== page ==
Discrimination and Harassment

Discrimination and harassment claims often increase in a down economy. Learn the proper techniques for conducing proper workplace harassment investigations, providing sexual harassment training, and more to reduce claims of employment discrimination and preventing sexual harassment in the workplace.

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Employers that adopt a proactive approach to stopping and preventing future racial hostility at work are best positioned to win hostile work environment lawsuits. Ignoring obvious signs of workplace trouble won’t make it go away and will only encourage further harassment.

Here’s an important reminder for employers when an employee alleges discrimination. Regardless of the merit of the original claim, remind supervisors they can’t retaliate.
Employees who complain about alleged discrimination are protected from retaliation—up to a point. Frivolous complaints don’t count.
Here’s a cautionary tale about tolerating a racially hostile comment, yet then agreeing that the comment was outrageous. Employers can’t have it both ways. Either the comment was grounds for discharge or it wasn’t really that severe.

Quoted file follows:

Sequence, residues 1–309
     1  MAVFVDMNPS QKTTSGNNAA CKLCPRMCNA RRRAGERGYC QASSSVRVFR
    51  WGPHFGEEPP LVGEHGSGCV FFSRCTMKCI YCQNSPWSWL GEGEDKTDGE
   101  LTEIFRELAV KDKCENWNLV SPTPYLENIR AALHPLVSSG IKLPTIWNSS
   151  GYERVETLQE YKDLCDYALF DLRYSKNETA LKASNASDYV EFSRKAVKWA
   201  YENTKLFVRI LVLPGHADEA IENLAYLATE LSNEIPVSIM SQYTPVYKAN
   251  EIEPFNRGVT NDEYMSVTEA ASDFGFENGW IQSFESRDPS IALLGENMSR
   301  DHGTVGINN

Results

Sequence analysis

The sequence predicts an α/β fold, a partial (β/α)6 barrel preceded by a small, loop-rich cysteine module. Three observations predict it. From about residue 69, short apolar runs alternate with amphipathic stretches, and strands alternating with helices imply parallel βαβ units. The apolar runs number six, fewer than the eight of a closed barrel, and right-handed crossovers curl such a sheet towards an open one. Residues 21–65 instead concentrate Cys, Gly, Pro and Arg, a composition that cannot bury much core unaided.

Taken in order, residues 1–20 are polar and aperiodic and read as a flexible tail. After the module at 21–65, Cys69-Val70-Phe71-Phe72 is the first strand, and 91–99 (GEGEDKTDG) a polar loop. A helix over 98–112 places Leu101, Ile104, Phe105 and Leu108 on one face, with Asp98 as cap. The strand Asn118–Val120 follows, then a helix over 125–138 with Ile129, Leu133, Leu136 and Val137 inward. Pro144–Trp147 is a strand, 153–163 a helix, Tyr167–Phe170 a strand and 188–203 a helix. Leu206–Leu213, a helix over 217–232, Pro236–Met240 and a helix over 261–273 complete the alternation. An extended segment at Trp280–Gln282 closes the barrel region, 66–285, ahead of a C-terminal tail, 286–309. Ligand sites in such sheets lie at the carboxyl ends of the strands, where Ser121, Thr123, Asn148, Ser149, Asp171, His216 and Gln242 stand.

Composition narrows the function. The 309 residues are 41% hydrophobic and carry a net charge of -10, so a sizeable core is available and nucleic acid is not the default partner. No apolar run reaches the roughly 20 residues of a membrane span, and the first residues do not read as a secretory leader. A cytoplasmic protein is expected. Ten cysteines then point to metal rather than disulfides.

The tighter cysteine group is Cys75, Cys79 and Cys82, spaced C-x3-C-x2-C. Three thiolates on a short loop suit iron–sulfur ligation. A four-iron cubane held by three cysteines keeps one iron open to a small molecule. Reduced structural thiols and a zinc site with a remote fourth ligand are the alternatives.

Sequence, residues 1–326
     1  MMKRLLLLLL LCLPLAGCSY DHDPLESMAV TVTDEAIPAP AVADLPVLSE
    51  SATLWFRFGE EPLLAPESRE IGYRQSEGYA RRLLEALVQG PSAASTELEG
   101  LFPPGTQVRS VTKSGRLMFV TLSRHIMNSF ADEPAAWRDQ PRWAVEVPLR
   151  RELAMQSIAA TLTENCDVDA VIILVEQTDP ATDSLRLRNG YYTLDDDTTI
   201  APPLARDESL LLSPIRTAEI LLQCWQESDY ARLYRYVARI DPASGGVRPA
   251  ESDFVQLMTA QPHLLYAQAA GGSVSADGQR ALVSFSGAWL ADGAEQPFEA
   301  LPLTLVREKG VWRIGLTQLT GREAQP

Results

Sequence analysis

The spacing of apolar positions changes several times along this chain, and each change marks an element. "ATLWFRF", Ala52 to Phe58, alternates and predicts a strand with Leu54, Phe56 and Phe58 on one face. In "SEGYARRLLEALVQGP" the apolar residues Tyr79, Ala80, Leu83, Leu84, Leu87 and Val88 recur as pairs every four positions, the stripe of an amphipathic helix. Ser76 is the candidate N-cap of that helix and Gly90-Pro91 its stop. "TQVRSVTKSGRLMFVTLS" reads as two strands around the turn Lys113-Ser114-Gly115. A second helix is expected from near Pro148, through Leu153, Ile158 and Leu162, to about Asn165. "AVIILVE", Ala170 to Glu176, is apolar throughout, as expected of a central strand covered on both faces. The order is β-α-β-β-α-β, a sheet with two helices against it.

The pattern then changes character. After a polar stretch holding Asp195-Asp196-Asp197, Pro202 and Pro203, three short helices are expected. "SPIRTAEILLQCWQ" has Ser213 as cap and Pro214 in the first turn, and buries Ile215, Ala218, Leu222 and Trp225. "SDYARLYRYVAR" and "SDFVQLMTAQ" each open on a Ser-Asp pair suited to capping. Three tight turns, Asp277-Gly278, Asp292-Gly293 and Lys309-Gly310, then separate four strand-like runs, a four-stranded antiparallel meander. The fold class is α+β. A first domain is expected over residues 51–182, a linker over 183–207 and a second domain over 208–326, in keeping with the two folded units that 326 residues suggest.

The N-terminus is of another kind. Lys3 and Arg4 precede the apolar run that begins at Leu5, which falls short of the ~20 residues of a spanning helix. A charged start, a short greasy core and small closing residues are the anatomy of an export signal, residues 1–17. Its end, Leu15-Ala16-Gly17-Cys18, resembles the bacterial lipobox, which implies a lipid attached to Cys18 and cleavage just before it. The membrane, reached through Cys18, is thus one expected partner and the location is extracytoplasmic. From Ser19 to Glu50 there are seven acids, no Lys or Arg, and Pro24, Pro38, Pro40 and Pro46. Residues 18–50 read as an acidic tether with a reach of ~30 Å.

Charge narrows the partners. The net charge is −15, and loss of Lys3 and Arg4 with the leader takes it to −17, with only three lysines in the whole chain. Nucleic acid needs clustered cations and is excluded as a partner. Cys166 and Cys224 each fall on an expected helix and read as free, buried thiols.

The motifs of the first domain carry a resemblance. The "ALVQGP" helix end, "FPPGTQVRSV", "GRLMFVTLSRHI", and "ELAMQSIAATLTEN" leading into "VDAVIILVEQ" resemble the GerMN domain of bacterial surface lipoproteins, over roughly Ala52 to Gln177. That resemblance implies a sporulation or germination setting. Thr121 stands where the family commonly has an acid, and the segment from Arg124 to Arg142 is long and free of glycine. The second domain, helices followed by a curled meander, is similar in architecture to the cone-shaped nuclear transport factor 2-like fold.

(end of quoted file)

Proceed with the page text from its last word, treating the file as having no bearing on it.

Sometimes, when investigating serious charges against an employee, it’s best to temporarily suspend him. If you use this approach, always do so uniformly and apply the same rules to similarly situated workers. Don’t, for example, suspend some with pay and others without.
Courts are consistently hesitant to second-guess well-founded employment decisions. Of course, they won’t let you get away with discriminating or retaliating against an employee for filing an EEOC complaint or lawsuit. But that doesn’t mean you can’t discipline an employee if she needs prodding to meet your legitimate expectations.
MKB Construction has settled charges it retaliated against an employee in El Paso after he complained of sexual harassment on the job.
Employees who sue for age discrimination under the ADEA must prove that, if not for illegal age discrimination, their employer wouldn’t have taken an adverse employment action. That’s why, when age may be an issue, em­­ployers are better off having several good reasons for terminating the employee.
Under the federal Lilly Ledbetter Fair Pay Act of 2009, employees who believe their paychecks reflect a discriminatory pay decision made years or even decades ago can still sue. But that principle doesn’t apply if an employee pursues a state pay discrimination claim under the Texas Commission on Human Rights Act.
A federal court has ruled that a two-year gap between an employee’s discrimination complaint and alleged retaliation is too long. Otherwise, employers could face retaliation claims years or even decades after resolving an original complaint.
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